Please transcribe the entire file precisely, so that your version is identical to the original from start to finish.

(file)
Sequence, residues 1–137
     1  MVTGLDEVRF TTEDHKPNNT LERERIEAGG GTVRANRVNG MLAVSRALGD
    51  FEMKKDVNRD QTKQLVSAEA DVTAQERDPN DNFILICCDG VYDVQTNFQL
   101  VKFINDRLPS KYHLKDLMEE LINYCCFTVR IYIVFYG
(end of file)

Sequence, residues 1–137
     1  MVTGLDEVRF TTEDHKPNNT LERERIEAGG GTVRANRVNG MLAVSRALGD
    51  FEMKKDVNRD QTKQLVSAEA DVTAQERDPN DNFILICCDG VYDVQTNFQL
   101  VKFINDRLPS KYHLKDLMEE LINYCCFTVR IYIVFYG